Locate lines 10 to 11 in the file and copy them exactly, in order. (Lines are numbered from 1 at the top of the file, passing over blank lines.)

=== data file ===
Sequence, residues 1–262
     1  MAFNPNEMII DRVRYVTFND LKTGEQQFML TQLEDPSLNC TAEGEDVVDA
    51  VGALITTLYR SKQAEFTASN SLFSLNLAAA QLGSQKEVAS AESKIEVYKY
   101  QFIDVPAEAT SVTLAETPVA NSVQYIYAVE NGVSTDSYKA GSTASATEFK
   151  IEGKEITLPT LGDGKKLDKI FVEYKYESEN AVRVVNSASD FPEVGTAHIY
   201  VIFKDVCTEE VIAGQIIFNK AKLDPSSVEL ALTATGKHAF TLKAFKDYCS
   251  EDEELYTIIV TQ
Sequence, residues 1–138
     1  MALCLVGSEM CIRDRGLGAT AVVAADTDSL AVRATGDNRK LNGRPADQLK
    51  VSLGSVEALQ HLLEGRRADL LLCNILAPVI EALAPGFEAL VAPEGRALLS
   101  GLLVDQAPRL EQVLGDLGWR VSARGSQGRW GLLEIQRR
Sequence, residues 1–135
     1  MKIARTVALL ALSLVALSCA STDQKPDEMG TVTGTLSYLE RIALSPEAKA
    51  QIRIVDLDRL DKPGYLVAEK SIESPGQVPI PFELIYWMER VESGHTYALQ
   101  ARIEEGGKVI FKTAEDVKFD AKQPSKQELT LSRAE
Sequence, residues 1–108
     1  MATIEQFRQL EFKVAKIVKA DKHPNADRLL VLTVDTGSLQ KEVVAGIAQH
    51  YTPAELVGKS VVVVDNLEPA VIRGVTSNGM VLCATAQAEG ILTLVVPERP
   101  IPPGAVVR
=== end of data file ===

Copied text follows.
    51  VSLGSVEALQ HLLEGRRADL LLCNILAPVI EALAPGFEAL VAPEGRALLS
   101  GLLVDQAPRL EQVLGDLGWR VSARGSQGRW GLLEIQRR